“There is no crying on the private wealth management floor”

February is only 28 days long and yet it feels like 34 days, and this winter has clearly already gone on for at least a year and a half, so I will take my good news and inspiring stories wherever I can find them, including from this Bloomberg Businessweek profile of Julissa Arce, an undocumented immigrant from Mexico who fought — and occasionally bluffed — her way up through the ranks at Goldman Sachs:

Arce was 11 when she moved to San Antonio from Mexico. Despite arriving with little English, she joined the basketball, softball, cross-country, and dance teams, the student council, a Renaissance club, and two honors societies within a few years. She’s still intense. She likes The 7 Habits of Highly Effective People and How to Win Friends & Influence People and is eager to explain, without irony, why they’re illuminating. She does CrossFit and can hold 150 pounds behind her head. “You have to have a very A-type personality,” she says about weightlifting, sipping a beer in Ulysses, a bar three blocks south of Wall Street. “This workout — it’s not going to win. I’m going to win.”

She didn’t have to adjust to Goldman Sachs’s culture of undisguised ambition because she embodied it.

She took a very American approach to the problem of not having papers: “’I just had this idea in my head that if I can work my way into this wealth and status, then it won’t matter that I’m undocumented,’ she says. ‘I thought if I had a bunch of money I would be accepted.’”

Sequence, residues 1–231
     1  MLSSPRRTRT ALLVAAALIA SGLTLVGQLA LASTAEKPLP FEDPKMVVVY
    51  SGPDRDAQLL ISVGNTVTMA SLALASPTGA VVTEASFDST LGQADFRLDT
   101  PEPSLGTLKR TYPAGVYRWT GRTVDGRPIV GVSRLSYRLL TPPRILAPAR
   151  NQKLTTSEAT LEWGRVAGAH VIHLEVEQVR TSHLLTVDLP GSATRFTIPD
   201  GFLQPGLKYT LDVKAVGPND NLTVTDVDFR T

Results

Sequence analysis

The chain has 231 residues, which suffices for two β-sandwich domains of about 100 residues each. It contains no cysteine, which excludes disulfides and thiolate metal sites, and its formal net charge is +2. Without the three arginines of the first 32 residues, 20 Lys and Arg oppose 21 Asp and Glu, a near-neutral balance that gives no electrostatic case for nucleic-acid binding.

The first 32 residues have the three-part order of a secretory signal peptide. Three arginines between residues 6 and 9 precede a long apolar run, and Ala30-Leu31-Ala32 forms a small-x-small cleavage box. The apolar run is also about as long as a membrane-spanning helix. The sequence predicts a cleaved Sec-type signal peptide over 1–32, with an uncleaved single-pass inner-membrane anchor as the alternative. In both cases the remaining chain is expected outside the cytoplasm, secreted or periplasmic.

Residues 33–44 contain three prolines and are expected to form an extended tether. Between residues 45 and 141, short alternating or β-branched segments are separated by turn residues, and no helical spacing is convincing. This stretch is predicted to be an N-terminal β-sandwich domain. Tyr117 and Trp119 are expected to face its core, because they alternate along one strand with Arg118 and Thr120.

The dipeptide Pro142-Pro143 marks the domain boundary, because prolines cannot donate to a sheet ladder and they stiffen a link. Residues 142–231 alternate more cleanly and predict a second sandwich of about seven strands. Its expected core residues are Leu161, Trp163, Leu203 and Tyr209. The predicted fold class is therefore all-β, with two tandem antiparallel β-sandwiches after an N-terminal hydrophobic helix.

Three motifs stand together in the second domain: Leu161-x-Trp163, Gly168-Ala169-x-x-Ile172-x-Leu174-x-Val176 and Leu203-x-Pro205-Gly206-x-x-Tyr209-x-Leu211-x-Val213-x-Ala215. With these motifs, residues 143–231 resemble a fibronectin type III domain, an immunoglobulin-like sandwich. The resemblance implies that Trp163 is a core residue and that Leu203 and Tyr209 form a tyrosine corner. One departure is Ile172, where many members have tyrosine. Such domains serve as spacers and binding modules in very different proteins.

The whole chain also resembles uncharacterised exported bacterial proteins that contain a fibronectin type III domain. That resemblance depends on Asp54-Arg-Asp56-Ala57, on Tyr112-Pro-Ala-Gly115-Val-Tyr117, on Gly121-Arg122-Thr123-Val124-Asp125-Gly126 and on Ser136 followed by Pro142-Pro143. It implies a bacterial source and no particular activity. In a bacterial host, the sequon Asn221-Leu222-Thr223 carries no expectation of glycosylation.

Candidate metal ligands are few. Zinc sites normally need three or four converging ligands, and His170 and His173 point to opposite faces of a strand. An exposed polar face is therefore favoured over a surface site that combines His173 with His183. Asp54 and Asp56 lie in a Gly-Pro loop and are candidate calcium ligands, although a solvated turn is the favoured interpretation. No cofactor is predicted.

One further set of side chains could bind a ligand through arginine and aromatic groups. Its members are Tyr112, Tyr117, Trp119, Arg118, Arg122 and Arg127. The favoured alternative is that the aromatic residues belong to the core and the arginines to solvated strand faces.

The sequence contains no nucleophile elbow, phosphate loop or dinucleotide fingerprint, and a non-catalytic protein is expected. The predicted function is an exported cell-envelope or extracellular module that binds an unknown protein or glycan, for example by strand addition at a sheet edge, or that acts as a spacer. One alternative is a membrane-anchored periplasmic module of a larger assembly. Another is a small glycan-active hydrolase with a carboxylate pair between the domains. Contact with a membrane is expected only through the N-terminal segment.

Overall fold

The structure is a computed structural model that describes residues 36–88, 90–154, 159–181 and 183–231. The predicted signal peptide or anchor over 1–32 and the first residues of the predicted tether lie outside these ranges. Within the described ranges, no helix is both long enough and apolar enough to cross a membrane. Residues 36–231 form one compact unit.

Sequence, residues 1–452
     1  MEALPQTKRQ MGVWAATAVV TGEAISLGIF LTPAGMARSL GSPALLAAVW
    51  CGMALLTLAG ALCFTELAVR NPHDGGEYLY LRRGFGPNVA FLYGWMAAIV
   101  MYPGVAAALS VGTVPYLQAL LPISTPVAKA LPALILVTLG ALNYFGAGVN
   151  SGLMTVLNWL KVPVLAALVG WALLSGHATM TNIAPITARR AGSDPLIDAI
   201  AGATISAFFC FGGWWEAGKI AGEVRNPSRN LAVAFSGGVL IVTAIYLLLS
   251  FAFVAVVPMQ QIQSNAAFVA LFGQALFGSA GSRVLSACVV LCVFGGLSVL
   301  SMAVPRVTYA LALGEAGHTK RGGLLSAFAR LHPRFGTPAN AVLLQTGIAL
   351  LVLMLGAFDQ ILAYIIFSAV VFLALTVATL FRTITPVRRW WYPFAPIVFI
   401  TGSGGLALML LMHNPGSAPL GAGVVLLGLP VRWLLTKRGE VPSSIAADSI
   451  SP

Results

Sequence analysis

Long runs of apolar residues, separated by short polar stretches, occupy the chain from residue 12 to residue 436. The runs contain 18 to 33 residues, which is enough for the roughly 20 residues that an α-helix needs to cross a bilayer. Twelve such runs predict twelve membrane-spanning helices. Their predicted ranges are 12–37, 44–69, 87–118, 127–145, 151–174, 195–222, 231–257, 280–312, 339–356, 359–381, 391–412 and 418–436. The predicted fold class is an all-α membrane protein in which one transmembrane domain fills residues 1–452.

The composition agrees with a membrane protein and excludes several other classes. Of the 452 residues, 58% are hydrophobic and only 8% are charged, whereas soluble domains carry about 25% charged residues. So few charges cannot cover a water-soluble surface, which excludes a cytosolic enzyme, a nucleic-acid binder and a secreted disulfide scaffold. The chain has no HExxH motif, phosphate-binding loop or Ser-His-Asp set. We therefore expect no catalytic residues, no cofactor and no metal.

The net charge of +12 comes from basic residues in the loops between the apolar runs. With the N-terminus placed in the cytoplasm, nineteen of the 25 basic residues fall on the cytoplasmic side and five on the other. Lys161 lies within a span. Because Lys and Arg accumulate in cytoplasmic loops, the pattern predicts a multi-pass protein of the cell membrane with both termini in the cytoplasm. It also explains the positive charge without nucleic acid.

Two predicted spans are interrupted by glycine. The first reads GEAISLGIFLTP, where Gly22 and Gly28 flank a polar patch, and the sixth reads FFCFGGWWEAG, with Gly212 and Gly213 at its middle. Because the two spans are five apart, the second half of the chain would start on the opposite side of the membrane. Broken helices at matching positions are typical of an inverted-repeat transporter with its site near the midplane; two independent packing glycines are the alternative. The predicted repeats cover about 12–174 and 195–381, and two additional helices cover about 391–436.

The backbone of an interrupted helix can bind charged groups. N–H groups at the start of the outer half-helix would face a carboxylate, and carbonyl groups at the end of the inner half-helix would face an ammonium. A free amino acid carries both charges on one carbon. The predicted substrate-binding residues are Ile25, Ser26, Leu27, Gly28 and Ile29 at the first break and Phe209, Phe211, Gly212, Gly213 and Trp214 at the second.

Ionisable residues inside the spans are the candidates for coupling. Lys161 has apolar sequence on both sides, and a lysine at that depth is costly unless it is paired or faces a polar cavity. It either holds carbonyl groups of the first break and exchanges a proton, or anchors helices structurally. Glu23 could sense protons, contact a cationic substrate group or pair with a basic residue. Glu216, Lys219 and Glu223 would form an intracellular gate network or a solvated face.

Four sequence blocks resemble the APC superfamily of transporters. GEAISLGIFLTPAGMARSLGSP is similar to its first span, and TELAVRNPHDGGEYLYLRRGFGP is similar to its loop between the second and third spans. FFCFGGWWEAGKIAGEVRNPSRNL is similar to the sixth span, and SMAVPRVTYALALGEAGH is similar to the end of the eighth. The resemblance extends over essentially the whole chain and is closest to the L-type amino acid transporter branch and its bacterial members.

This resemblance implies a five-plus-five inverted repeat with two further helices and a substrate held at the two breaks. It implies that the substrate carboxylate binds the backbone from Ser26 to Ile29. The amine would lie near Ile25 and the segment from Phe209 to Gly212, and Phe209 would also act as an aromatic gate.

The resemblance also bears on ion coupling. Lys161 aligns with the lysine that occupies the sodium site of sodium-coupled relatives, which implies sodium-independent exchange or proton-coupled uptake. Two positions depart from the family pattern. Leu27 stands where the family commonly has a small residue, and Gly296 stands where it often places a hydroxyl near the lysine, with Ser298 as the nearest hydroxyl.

But her success wasn’t all bootstraps. The state of Texas helped.

In her senior year of high school, Arce sent out college applications with the Social Security box blank — and got rejections. Just as she was graduating in 2001, a new law made it possible for undocumented Texas students to attend public universities at in-state rates. Five weeks later the director for admissions at the University of Texas at Austin wrote to say her application had been reviewed and she’d been accepted.

She majored in finance. The equations “made sense to me,” she says. “There was always a right answer. There wasn’t anything ambiguous about it. There was so much ambiguity in my life that I really appreciated that.”

Individual stories of beating the odds are exciting, of course, but they’re not and can’t be a substitute for institutional change. We have to make it easier as a society to help hard-working people get ahead. Instead, Gov Rick Perry, who signed the legislation that made such a difference to Arce, is blustering about securing the border. Even Goldman Sachs, which benefited so much from Arce’s contributions, is securing its borders, making sure that all prospective employees are checked more thoroughly when they are hired.

The most interesting twist of Arce’s story comes a bit later, when she finds she has achieved everything she was striving for — money, power, a green card, a husband — and wonders why she feels empty. Having proven to herself that she can do pretty much anything, she must decide what she actually wants to do next.

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